Sometimes, to see a situation from another person’s perspective, we need to put ourselves in their place and “walk” in their shoes. Unfortunately, this strategy to get people to show basic empathy doesn’t always work.
Take this social experiment from Frederick Joseph, founder of inclusive marketing agency We Have Stories, in which he swapped the Redskins football team logo—a stereotypical Native American in headdress, which has long been deemed racist—for a “Caucasian” man. While he did manage to offend a few white people by showing them what it feels like for your race to be made into a mascot, he didn’t exactly get the end result you’d hope for. Not at all.
The Hypocrisy of Racist Logos:— Frederick Joseph (@FredTJoseph) July 31, 2018
Last weekend I decided to wear this shirt, I figured it would catch some by surprise but I didn’t expect people to be as trash as they were. pic.twitter.com/DW5n6QEmOl
On Twitter, Joseph, who is Black, shared that he had gone out last weekend wearing the shirt, figuring he would catch people by surprise. It featured the term “Caucasians” in the style of the football team font, along with a side-profile illustration of a white man with brown hair, and was supposed to show others how it looks for someone to use such a “racially charged” logo for a brand. He pointed out that unlike the term “redskins,” “Caucasians” isn’t remotely rude toward white people, like the bristling terms “crackers” and “honkies.”
And yet, plenty of white people still got offended at Joseph’s shirt. He said one man called him an asshole after being corrected that it wasn’t a Redskins shirt. Another woman, he said, told him the design was disrespectful but said she wouldn’t say the same thing about the Redskins logo “because that’s the logo!” Another group of white men saw Joseph and his shirt across the street and made like they were going to come at him, he said, while others rolled their eyes, pointed at him, and made snide comments.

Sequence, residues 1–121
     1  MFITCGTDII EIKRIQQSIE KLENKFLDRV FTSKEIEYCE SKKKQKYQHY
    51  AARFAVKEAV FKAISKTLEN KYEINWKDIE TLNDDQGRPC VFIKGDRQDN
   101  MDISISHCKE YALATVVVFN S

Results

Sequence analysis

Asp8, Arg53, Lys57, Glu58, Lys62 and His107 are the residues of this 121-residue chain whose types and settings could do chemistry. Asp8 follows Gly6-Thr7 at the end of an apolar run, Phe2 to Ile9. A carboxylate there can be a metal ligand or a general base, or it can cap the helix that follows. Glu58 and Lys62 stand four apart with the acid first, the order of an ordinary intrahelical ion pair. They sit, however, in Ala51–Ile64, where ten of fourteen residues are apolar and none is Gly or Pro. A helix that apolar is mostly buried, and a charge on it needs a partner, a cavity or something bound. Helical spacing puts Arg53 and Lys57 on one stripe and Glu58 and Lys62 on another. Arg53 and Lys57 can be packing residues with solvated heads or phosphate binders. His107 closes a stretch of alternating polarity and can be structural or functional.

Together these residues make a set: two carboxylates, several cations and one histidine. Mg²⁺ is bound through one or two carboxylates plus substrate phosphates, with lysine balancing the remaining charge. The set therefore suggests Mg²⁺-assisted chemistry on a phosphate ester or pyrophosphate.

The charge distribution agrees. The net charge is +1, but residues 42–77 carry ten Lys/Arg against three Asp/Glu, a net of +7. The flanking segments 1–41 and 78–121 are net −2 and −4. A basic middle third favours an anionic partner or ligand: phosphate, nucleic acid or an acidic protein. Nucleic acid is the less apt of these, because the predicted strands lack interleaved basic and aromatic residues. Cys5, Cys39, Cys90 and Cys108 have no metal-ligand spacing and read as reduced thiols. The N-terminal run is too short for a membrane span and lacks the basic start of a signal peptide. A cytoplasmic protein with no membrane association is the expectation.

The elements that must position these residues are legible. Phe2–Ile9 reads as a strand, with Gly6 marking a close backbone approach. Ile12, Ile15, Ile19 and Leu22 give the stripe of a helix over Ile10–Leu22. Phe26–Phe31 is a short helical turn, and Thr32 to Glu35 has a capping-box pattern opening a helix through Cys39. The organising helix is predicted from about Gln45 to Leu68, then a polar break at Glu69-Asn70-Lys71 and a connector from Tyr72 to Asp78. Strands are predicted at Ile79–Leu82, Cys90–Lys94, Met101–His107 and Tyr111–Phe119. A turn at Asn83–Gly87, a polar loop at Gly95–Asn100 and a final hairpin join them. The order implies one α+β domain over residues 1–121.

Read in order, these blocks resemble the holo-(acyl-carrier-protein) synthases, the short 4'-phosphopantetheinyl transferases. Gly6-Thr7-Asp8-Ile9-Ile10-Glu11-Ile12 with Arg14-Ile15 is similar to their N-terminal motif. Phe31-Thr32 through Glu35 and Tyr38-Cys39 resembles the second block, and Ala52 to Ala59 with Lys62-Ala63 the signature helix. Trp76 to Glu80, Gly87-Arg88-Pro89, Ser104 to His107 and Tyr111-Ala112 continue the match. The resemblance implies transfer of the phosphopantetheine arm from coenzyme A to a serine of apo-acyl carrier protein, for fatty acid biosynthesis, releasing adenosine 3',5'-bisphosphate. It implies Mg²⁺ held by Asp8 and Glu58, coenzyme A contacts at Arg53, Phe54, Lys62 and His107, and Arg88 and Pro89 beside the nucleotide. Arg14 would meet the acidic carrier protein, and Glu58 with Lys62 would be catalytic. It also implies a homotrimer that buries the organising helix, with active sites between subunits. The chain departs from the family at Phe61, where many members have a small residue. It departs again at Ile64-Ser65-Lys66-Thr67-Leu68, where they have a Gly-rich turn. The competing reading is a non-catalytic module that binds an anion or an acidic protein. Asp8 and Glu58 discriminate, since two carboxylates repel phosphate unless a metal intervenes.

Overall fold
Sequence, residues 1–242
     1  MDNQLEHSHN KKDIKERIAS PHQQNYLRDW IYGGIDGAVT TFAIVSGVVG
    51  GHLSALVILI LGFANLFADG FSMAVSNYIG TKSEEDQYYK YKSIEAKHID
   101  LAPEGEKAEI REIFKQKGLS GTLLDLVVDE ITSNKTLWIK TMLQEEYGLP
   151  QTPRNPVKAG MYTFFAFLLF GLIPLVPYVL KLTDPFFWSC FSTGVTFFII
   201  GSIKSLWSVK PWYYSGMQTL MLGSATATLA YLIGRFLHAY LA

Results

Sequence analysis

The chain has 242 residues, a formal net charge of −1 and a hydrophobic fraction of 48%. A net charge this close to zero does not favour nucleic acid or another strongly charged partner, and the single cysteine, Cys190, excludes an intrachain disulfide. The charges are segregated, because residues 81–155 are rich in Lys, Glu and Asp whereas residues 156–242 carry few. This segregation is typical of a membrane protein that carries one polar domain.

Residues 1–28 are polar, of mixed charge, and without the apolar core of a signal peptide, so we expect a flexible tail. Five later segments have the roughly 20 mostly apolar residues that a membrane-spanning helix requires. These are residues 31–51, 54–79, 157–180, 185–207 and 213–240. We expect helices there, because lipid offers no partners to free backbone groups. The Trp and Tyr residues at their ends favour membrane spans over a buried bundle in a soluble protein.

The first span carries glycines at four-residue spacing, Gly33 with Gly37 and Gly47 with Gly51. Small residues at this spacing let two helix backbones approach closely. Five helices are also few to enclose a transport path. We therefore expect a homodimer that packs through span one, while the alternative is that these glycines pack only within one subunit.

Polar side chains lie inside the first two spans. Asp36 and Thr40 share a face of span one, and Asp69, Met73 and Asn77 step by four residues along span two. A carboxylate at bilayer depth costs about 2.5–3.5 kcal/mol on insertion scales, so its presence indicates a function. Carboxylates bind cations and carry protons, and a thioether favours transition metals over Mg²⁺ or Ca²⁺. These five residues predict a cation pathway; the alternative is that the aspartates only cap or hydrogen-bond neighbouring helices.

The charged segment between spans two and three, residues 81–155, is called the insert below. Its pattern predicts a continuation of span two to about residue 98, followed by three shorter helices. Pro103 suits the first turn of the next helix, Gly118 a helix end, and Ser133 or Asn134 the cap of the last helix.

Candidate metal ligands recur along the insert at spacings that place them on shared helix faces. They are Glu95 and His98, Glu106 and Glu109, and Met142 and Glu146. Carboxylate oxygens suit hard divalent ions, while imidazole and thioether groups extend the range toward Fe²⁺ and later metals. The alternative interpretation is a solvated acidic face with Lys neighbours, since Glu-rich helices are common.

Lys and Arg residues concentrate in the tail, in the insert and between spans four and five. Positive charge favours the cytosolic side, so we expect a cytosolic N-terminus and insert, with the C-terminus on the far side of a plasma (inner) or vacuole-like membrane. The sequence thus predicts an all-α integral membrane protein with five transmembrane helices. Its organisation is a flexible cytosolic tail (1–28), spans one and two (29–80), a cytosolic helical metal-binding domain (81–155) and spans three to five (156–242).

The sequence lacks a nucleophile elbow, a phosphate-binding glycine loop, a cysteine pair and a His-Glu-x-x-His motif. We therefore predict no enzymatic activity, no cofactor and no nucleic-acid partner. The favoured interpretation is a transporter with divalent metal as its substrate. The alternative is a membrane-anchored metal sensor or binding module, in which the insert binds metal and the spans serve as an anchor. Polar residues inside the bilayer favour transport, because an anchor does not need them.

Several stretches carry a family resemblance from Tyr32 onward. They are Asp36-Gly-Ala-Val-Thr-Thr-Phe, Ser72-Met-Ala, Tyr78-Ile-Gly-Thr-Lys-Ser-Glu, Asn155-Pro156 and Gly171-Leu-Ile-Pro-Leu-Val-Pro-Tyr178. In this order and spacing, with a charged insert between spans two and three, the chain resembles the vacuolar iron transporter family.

Next, an older white lady stopped me in the street and said “why would you wear that? It’s disrespectful!”— Frederick Joseph (@FredTJoseph) July 31, 2018
So I asked her if she would have said the same if I had on the actually team shirt or another team using disrespectful branding.
She said “no, because that’s the logo!” pic.twitter.com/UaLfIZioS5
Despite all the upset from white people feeling that this kind of representation was offensive, Joseph said that he’s never seen white people react the same way to actual racist Redskins apparel.
“Basically, I was being shamed as a Black person for wearing a non-disrespectful shirt with a white person logo on it,” Joseph wrote. “But people wear apparel and jerseys with logos depicting things such as a Native American and call them ‘redskins’… whew chile, the hypocrisy and privilege.”
I’d be interested to see more people wear shirts and apparel such as this to make the point and see how the people who have racist car decals, shirts, jerseys, etc respond when the tables are turned (and still not really). pic.twitter.com/UyEMCvcD7X— Frederick Joseph (@FredTJoseph) July 31, 2018
Following Joseph’s thread, several other Black folks and men of color shared photos of themselves wearing similar flip-the-script shirts, writing that they get mixed reactions between being understood and being perceived as “racist.”
The looks I get from ypipo when I wear this pic.twitter.com/wwZ6Yn4z0g— G (@fattygabb) July 31, 2018
I feel you fam. pic.twitter.com/t98y3AJXqy— Lincoln Anthony Blades (@lincolnablades) July 31, 2018
I always get a mixed reaction with this shirt as well. Some people are on board, some people miss the point completely. pic.twitter.com/77g0IBsqJw— Geno Ray (@Thunderlips_PDX) July 31, 2018
Hubs has this one. He only gets the evil eye. I don't think anyone has actually said anything to him. pic.twitter.com/oyFRRc2USZ— Mother Bae I (@tiersaj) August 1, 2018
Bought this one last year, I love it when people ask me about it. There is usually an awkward silence after I let them know that I am Cherokee. pic.twitter.com/CrtlVNnqxA— Leon Pilant (@LeonPilant) August 1, 2018
Ultimately, Joseph said he was surprised by people’s reactions, but that they just showed how “fickle and hypocritical” people can be. Speaking to HuffPost, Joseph said he hopes his experiment inspires others to do the same, though he acknowledged in his Twitter thread that his larger size may give him more protection from public retribution than others.
“I hope to see people in cities like D.C. or Cleveland conduct these experiments as well,” he told the publication.